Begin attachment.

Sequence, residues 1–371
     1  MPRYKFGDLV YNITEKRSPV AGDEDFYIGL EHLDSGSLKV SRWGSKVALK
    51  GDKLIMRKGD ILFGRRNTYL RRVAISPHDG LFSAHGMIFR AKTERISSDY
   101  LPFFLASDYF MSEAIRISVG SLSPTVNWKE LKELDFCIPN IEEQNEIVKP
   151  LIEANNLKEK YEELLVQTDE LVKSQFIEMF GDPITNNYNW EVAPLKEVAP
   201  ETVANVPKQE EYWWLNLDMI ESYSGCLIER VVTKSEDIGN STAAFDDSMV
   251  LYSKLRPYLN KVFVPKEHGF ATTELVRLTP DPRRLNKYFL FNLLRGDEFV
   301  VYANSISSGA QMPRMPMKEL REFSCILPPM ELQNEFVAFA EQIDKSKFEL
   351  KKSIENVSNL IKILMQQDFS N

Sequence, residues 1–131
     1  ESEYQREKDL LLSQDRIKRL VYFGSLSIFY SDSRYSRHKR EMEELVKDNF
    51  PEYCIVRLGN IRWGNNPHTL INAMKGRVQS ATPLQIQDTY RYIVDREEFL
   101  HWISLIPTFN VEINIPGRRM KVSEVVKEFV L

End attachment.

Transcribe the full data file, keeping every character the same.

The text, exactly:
Sequence, residues 1–371
     1  MPRYKFGDLV YNITEKRSPV AGDEDFYIGL EHLDSGSLKV SRWGSKVALK
    51  GDKLIMRKGD ILFGRRNTYL RRVAISPHDG LFSAHGMIFR AKTERISSDY
   101  LPFFLASDYF MSEAIRISVG SLSPTVNWKE LKELDFCIPN IEEQNEIVKP
   151  LIEANNLKEK YEELLVQTDE LVKSQFIEMF GDPITNNYNW EVAPLKEVAP
   201  ETVANVPKQE EYWWLNLDMI ESYSGCLIER VVTKSEDIGN STAAFDDSMV
   251  LYSKLRPYLN KVFVPKEHGF ATTELVRLTP DPRRLNKYFL FNLLRGDEFV
   301  VYANSISSGA QMPRMPMKEL REFSCILPPM ELQNEFVAFA EQIDKSKFEL
   351  KKSIENVSNL IKILMQQDFS N

Sequence, residues 1–131
     1  ESEYQREKDL LLSQDRIKRL VYFGSLSIFY SDSRYSRHKR EMEELVKDNF
    51  PEYCIVRLGN IRWGNNPHTL INAMKGRVQS ATPLQIQDTY RYIVDREEFL
   101  HWISLIPTFN VEINIPGRRM KVSEVVKEFV L